Gompert: Well, no, I don't think I'm walking in that direction at all. I think our -- we shouldn't be breaking things down into separate services just because separate services are ideal for purposes of procuring and equipping of forces. I think it's much more important to emphasize the integration of our forces and that means that the capabilities themselves have to be developed with a view of how they integrate with other capabilities. The officer corps has to be very joint in its career development and its training, as I suggested.
And therefore, instead of saying these things are so joint that we ought to break them out and say that they are going to belong to a new service which is the joint service. In a way, you're saying that all of the other services are off the hook. If you have one service that takes care of the truly joint elements, then the other services basically can continue to do business as usual.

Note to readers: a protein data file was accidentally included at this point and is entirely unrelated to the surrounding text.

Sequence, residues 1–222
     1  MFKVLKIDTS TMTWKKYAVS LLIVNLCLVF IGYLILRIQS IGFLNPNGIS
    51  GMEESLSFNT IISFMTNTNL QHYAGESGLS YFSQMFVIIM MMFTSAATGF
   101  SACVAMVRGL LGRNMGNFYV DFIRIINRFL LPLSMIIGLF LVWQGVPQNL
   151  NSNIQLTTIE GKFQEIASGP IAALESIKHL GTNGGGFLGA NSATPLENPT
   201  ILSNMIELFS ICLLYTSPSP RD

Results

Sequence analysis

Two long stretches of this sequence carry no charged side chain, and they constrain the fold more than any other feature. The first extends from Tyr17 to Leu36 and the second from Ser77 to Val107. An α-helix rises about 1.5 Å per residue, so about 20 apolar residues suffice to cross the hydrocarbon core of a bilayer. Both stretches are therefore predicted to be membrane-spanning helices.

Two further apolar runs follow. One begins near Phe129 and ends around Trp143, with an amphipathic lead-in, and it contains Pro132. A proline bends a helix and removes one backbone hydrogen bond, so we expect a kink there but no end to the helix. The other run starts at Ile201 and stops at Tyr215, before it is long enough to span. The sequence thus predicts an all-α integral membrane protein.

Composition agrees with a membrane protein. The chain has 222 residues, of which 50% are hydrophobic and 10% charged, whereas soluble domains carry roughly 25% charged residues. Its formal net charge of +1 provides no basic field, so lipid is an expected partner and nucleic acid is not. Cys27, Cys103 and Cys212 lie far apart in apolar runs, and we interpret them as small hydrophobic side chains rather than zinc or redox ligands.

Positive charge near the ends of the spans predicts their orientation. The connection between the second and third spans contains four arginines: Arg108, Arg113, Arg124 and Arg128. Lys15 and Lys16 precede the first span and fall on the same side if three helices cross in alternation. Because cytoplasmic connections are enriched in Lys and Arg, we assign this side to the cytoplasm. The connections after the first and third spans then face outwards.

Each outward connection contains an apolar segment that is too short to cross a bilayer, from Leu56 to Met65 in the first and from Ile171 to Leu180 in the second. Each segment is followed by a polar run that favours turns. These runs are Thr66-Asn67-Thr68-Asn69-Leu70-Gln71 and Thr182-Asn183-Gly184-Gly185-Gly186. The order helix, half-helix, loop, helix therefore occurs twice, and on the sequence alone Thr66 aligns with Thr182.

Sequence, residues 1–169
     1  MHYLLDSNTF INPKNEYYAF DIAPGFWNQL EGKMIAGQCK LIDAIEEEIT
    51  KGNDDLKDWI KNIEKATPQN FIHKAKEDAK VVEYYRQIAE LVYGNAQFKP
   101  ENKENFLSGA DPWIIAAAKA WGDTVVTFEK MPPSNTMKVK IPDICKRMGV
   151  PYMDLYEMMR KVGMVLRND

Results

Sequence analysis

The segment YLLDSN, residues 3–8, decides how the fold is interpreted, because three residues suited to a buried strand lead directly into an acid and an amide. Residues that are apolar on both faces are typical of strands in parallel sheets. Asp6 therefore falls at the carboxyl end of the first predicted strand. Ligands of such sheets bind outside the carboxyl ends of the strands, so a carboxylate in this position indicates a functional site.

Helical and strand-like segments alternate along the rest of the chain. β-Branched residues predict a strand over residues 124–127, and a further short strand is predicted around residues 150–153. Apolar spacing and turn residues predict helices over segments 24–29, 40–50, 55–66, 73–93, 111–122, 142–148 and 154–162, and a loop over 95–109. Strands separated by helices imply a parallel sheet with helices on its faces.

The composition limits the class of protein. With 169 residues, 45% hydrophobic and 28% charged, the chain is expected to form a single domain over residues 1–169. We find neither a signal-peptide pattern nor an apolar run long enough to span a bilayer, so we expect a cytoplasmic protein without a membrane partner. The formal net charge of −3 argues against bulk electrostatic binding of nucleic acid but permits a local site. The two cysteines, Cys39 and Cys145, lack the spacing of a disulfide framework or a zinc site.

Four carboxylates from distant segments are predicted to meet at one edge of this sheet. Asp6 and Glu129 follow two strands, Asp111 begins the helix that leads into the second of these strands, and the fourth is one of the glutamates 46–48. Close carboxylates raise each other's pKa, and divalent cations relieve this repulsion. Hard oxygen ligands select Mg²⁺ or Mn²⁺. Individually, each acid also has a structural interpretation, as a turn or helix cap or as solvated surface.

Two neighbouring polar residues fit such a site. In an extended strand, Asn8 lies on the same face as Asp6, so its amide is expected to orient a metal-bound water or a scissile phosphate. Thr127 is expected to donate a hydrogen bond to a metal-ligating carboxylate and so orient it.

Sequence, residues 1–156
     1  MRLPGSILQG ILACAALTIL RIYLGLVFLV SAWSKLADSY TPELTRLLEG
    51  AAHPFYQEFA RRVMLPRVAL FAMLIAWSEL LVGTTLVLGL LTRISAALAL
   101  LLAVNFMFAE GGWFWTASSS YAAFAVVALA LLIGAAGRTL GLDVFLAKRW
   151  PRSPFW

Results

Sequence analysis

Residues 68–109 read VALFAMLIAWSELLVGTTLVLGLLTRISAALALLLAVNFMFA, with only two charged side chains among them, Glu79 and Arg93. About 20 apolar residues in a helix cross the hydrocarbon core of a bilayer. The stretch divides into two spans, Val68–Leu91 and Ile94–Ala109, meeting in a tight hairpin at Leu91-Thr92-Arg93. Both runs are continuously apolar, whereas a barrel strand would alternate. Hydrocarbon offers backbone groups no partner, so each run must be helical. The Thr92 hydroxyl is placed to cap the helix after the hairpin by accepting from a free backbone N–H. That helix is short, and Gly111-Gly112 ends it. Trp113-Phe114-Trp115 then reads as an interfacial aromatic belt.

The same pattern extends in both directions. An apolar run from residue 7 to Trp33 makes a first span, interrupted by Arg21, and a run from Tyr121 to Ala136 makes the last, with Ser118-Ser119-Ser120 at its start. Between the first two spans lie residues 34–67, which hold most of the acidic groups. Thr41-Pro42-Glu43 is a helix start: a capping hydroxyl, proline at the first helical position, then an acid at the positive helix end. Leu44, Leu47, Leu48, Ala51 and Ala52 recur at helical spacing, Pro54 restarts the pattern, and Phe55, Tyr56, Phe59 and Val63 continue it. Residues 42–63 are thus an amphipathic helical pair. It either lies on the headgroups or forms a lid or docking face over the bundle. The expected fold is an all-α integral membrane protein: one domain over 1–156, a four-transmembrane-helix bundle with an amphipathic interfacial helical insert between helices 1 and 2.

I'd rather see all of the services become more joint and all of our officers more joint in their orientation.
Q: So you're going -- talking about your joint command and control, at that point what are you looking at -- (inaudible) -- Joint Forces Command sets up a joint command and control thing and then, as a contingency comes up, that group leaves and goes to CentCom or goes to PaCom or something?